Can an employer adjust employees timecards to the employer's benefit under CA state employment laws

Asked about 6 years ago - San Diego, CA

what can we do when our employer changes our timecard punches because either most of us punches more than 5 minutes before our clock in and more than 5 minutes after our work schedule

Additional information

My California employer has two payroll systems. One the employee fills out electronically, then it is transfered by a clerk to the main payroll system which generates the actual payroll checks. What is occuring is that what the employee is entering in the initial system is not what is entered into the secondary system. basically the clerk is "making adjustements" (in the company's favor) when entering the time into the secondary system, without notifiying the employee who would never know unless they checked their paycheck against their payrioll enteries which is a difficult task at best.

Attorney answers (2)

  1. George Louis Delaflor

    Contributor Level 5

    1

    Lawyer agrees

    7

    Answered . While all situations may be different, I will not be as reluctant to answer this question as the others who have answered it. I can think of very few, if any situations that would justify an employer altering a time card, under California law. An employer is required to maintain time records for non-exempt employees. Time records should be accurate. If an employee is making errors, this should be corrected by employee counseling or discipline, documenting errors. If an employee is falsifying a time record, any discipline, including fire, is more than reasonable. Otherwise, an employer who alters time cards to its benefit is creating a practice that would subject it to liability for unpaid wages. You are entitled to pay for all hours worked. The only exception to this rule is known as "rounding." An employer may round out minor pluses and minuses. People are more likely to clock in at 8:59 or 9:01 than precisely at 9 a.m. An employer may treat that logically by rounding up or down. However, an employer may not engage in a rounding scheme that always works to its benefit. Rounding is limited to 5 minutes ore 1/10th of an hour. Otherwise, it sounds like you might be owed some wages.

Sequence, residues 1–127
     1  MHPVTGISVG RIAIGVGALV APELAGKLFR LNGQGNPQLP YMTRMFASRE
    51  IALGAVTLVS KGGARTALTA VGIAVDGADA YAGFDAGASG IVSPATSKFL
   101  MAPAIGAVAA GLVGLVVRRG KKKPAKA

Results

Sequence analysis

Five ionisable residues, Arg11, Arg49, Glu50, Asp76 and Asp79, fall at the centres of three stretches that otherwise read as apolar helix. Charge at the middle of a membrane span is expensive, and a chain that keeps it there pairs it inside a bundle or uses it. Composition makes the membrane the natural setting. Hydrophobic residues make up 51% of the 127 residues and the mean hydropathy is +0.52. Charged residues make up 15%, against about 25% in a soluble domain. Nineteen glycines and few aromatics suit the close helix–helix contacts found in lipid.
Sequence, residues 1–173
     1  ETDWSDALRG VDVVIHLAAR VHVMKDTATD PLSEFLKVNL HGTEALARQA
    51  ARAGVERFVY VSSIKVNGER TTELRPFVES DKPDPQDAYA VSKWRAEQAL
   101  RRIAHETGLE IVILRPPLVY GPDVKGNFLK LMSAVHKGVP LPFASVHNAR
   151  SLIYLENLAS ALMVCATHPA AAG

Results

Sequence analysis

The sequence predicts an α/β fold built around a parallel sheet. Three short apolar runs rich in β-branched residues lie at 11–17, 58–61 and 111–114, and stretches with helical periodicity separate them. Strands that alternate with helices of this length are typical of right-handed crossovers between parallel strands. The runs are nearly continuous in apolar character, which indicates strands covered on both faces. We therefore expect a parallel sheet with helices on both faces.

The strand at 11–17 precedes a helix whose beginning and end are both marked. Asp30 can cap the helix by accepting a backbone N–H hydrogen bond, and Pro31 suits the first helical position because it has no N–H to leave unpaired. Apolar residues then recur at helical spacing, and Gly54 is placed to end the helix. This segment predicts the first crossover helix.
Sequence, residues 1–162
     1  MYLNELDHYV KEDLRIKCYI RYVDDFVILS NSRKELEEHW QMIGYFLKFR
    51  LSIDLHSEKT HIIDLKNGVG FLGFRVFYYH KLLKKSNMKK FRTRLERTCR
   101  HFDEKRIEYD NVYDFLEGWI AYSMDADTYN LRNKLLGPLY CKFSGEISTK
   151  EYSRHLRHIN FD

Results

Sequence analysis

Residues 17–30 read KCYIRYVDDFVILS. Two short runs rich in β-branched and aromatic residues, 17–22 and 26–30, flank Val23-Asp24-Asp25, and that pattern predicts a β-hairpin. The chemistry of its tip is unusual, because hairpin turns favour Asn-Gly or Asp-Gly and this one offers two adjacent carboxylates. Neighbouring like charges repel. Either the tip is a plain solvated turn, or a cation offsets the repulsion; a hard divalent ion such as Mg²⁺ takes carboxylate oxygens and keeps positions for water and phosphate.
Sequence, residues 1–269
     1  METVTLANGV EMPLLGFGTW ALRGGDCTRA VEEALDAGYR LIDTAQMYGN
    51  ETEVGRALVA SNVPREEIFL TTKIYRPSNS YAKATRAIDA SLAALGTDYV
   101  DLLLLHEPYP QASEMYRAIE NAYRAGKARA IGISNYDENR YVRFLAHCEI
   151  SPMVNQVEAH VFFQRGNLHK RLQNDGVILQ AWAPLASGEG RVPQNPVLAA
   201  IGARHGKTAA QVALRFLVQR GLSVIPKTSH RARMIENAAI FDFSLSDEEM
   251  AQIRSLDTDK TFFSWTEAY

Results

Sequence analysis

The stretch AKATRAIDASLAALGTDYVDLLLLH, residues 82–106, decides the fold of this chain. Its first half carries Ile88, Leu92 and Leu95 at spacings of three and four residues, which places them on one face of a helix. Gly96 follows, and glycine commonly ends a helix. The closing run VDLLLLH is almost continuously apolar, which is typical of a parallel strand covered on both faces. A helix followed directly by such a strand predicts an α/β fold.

2. Alicia Irene Dearn

    Contributor Level 11

    1

    Lawyer agrees

    8

    Answered . This is a rather complicated issue for an open forum. A lawyer would need to have a longer conversation with you about the facts of your particular situation. You should consult an attorney experienced in wage-hour and class action issues.

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